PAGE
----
A resident of the village, who spoke to reporters on the phone, said: “The insurgents were well kitted in military fatigues and drove in about 35 vehicles and dozens of motorcycles. They also had armoured personnel carriers and they instilled fear in everyone.”
Council Boss Denies Attack on His Community
In another incident, the caretaker Chairman of Dikwa Local Government area in the state, Alhaji Ali Modu Gana yesterday dismissed the report of Monday’s attack by insurgents on his council, saying it was a pack of lies.
The Hausa service of one of the foreign radio stations had reported the attack on Dikwa during which the council secretariat was set ablaze and security operatives deployed to the area chased away.
However, Gana said the report was false, adding: “There was no Boko Haram attack on Dikwa as carelessly and unprofessionally reported by the news medium. The story was baseless, unfounded, untrue and aimed at misleading the public and giving terrorists cheap publicity.”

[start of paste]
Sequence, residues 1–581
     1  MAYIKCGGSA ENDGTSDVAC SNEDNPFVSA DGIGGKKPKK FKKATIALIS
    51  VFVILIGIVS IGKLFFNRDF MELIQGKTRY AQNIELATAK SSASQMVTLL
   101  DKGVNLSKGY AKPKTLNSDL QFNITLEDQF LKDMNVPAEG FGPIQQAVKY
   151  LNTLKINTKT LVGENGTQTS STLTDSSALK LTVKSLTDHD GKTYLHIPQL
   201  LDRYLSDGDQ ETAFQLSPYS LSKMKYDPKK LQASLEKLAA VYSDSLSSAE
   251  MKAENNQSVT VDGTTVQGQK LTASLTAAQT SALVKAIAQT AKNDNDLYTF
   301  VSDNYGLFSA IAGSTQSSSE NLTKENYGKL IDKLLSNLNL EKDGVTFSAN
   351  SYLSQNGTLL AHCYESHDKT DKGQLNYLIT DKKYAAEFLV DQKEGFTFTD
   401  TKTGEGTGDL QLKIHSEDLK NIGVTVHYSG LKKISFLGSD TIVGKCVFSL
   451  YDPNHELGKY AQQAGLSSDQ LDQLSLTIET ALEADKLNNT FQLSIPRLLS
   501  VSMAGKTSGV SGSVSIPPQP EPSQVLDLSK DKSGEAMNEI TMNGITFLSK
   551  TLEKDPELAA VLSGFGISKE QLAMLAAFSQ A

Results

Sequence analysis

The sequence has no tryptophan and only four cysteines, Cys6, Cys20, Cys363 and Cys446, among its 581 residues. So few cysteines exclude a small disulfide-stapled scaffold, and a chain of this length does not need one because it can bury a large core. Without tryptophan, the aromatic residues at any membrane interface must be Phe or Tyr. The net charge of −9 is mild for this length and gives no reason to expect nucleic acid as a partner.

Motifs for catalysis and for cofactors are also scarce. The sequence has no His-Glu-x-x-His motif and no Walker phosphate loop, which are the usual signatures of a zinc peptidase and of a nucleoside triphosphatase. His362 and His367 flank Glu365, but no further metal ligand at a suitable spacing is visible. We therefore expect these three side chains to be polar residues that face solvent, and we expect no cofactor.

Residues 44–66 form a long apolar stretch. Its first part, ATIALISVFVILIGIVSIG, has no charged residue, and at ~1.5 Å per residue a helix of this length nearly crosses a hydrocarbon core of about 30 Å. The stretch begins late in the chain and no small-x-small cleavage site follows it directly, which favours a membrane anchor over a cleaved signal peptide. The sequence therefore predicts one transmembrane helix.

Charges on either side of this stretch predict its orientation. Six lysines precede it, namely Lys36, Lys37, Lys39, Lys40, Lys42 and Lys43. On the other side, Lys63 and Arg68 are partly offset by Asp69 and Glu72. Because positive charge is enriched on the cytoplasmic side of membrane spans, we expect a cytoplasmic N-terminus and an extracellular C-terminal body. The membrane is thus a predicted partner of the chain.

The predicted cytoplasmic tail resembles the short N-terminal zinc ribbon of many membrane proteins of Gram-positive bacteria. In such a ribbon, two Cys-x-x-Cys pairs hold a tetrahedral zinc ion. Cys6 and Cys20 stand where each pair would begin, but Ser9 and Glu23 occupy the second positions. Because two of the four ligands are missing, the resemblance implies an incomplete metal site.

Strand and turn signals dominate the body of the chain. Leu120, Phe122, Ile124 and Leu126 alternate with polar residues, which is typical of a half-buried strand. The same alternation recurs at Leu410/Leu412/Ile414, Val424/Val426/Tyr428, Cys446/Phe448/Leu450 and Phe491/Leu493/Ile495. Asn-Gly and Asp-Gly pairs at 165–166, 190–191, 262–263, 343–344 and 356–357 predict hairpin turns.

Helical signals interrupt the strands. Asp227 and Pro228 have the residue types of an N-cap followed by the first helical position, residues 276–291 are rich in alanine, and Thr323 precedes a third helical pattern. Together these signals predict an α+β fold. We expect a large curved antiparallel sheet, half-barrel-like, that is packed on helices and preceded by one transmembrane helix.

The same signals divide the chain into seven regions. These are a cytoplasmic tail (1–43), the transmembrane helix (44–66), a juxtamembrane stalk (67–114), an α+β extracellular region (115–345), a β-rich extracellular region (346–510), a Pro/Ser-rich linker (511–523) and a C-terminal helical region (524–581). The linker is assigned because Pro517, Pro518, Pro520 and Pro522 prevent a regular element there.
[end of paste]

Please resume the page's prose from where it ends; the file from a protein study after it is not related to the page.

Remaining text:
The council boss, who spoke to reporters in Maiduguri, also said sources quoted by the news outlet to have spoken to were totally falsified and concocted.
He added: “I was in Dikwa throughout yesterday (Monday), I even swore in all my appointed ward councillors in line with the constitution peacefully. But all of a sudden, people started calling me on the phone Tuesday morning sympathising with me and saying that Boko Haram attacked my town and set ablaze our local government secretariat and chased the military away.
“Inasmuch as the constitution guarantees freedom of speech and expression, such freedom must not be misused to give Boko Haram cheap publicity as well as tarnishing the image and integrity of our security forces who are doing their best to ensure peace and tranquility.”
He explained that what actually took place in Dikwa on Monday was an explosion caused by faulty solar street light batteries that led to panic among some residents and was not an attack in any way.
He urged the media to always verify their information before going to press to avoid misleading their audience, even as he cautioned those that claimed to be eyewitnesses of incidents and media sources to always give authentic information and stop spreading rumours that could amplify people’s fears.